- Duffy, Monsignor C.J.
- None noted
- None noted.
- RAN Ships
- None noted.
- August 1972 edition of the Naval Historical Review (all rights reserved)
This personal biography of the Captain of HMAS Yarra of World War II was delivered as a lecture to the February 1972 meeting of the Society. Monsignor Duffy, President of the Australian Catholic Historical Society, speaks of his cousin.
MY INTENTION IN PUTTING ON RECORD a short biography of Robert William Rankin, RAN, is a double one, to keep alive his memory and to sketch the environment of the Navy in its earlier days of fifty years ago for this modern generation.
He was my cousin, we grew up in the same town. He was close to me during his formative years and remained a close friend until he died. I can then draw on my own memories as well as on those of his older brother, John Rankin, in addition to official records. It is possible that there could be minor inaccuracies but as my memory is rather tenacious of a man who made a deep impression on me, I think what I write is correct. His career had uniquely significant features.
The Rankin family stems from Scottish settlers planted in Northern Ireland after the invasion of Cromwell. They were Presbyterians and Orangemen. A number of brothers, five I heard, came to Australia about 1850 and scattered over three states, Queensland, Victoria and New South Wales.
One of them, Robert, made his way over the Blue Mountains and found employment with bullock waggons which used to carry goods ahead of the railhead into the interior, helping to push settlement far to the West. This means that he had no permanent home during his middle age and his address shifted from Bathurst, to Dubbo and then on to Cobar, and beyond even to a new mining village called Drysdale.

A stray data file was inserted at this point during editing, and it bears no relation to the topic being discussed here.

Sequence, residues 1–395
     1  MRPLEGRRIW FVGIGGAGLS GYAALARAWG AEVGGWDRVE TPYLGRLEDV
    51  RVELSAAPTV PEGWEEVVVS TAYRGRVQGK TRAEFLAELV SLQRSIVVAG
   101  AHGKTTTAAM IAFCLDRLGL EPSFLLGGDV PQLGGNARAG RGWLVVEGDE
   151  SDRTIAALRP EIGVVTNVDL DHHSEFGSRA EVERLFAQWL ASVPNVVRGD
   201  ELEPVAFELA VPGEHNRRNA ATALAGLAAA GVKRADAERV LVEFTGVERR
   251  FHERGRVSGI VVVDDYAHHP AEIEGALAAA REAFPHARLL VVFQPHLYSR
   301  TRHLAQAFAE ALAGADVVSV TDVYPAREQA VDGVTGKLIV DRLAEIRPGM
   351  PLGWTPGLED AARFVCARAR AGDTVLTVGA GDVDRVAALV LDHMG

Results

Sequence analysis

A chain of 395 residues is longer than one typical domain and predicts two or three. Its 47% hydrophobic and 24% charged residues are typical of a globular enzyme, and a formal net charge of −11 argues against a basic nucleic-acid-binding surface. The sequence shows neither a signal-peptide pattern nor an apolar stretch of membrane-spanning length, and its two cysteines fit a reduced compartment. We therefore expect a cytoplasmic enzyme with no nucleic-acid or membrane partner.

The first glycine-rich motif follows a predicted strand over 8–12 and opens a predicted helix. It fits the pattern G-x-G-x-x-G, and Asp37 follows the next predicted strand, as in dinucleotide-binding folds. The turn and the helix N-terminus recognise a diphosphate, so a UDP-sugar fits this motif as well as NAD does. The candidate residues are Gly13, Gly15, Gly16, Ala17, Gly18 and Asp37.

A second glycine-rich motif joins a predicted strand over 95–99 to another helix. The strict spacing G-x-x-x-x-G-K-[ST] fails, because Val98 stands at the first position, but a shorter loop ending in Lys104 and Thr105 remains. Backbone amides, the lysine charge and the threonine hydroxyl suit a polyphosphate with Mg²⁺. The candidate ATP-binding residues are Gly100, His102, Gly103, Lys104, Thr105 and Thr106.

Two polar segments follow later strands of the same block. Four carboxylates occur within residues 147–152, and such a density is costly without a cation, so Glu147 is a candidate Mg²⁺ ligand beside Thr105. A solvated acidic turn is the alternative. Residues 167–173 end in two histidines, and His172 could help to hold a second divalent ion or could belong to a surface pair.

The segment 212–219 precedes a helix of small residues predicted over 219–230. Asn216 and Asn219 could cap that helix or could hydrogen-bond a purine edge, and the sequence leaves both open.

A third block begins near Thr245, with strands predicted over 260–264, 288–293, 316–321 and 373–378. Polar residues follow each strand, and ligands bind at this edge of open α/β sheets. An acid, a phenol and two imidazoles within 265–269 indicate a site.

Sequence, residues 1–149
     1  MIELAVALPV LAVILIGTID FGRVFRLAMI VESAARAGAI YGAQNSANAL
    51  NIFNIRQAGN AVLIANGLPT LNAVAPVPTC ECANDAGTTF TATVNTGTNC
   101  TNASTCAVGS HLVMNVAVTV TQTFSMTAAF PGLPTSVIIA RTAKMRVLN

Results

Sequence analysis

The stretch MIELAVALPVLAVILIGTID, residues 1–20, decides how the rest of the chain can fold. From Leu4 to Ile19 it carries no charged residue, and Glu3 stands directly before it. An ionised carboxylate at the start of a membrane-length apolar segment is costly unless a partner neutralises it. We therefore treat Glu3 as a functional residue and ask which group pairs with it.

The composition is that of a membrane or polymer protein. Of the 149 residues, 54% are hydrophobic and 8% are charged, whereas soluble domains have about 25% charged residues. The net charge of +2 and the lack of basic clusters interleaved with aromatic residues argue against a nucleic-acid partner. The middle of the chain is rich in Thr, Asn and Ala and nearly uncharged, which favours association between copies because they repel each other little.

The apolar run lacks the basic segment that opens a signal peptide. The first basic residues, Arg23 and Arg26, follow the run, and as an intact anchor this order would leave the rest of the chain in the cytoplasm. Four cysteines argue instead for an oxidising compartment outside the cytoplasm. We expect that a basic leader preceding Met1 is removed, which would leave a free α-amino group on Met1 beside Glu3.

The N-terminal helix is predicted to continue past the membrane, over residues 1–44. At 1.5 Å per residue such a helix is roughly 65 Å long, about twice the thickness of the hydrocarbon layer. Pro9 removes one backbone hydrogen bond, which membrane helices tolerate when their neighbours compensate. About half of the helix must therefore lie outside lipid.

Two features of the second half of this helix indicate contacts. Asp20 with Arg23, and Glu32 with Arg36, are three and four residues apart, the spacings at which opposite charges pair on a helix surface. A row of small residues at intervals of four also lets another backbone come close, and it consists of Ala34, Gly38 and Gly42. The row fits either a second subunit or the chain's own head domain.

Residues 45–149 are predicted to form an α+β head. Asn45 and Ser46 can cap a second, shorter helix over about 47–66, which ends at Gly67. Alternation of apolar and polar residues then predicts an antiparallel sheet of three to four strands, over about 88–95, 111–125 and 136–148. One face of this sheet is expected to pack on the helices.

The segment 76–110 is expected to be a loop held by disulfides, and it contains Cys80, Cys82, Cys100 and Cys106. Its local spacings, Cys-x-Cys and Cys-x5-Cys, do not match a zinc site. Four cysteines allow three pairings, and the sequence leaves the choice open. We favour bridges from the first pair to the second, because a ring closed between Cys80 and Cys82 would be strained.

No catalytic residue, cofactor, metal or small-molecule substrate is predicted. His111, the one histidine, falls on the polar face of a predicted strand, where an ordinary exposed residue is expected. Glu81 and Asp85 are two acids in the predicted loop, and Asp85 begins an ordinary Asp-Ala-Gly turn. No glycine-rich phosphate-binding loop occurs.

In Bathurst he married Mary Theresa Sullivan, a girl who contrasted with him in every characteristic. He was tall, she petite, he was an extrovert, she was demure and refined, she was the daughter of Irish immigrants and devoted Catholics. She had been in Bathurst in 1854 and in due time three boys and two girls were born to them. My mother arrived while they were in Dubbo and Jack, the youngest of the family and the future father of Robert, would have been born in Cobar.
Mary Rankin was courted by a young solicitor, Michael Duffy, my father, and so was able to use some of the newly acquired money to send her brother Jack to St. Joseph’s College, Hunter’s Hill, of which Duffy was an ex-student. Exquisite penmanship was one skill he acquired there to stand him in good stead later as a clerk.
It should be mentioned that none of the boys ever changed from the nominal Presbyterianism of the father. Jack met and married the daughter of the caretaker of the Masonic Hall of Cobar, Florence Rankin, who bore him three children, Jack, Robert and Jeanie.
The outbreak of the 1914 war changed his life. He enlisted and served overseas for the duration.
The children remained unbaptized for years and eventually a Catholic aunt got the commission to attend to that detail wherever she wished. Thus it was that almost by accident Robert gave his allegiance to the Church to which he became completely attached.
Robert’s birthday was June 3 1907. Most of his schooling was at the State School in Merrylands until he won a bursary to the Parramatta High School in 1920. Within another year he was awarded a further scholarship to Jervis Bay. His scholastic ability and hard work kept him in first or second place in all branches of study. Sporting prowess was equally prominent and placed him in the first grade of cricket, football, hockey, tennis, soccer, and distance swimming and he played for combined services.
With his brother he gave the same attention to religious studies, and they were chosen by Archbishop Kelly as the outstanding pupils when he administered confirmation while they attended the state school.
On arrival at Jervis Bay on 1st January 1921, he received a knockback coupled with the threat of expulsion. The reason for this unexpected shock was religion.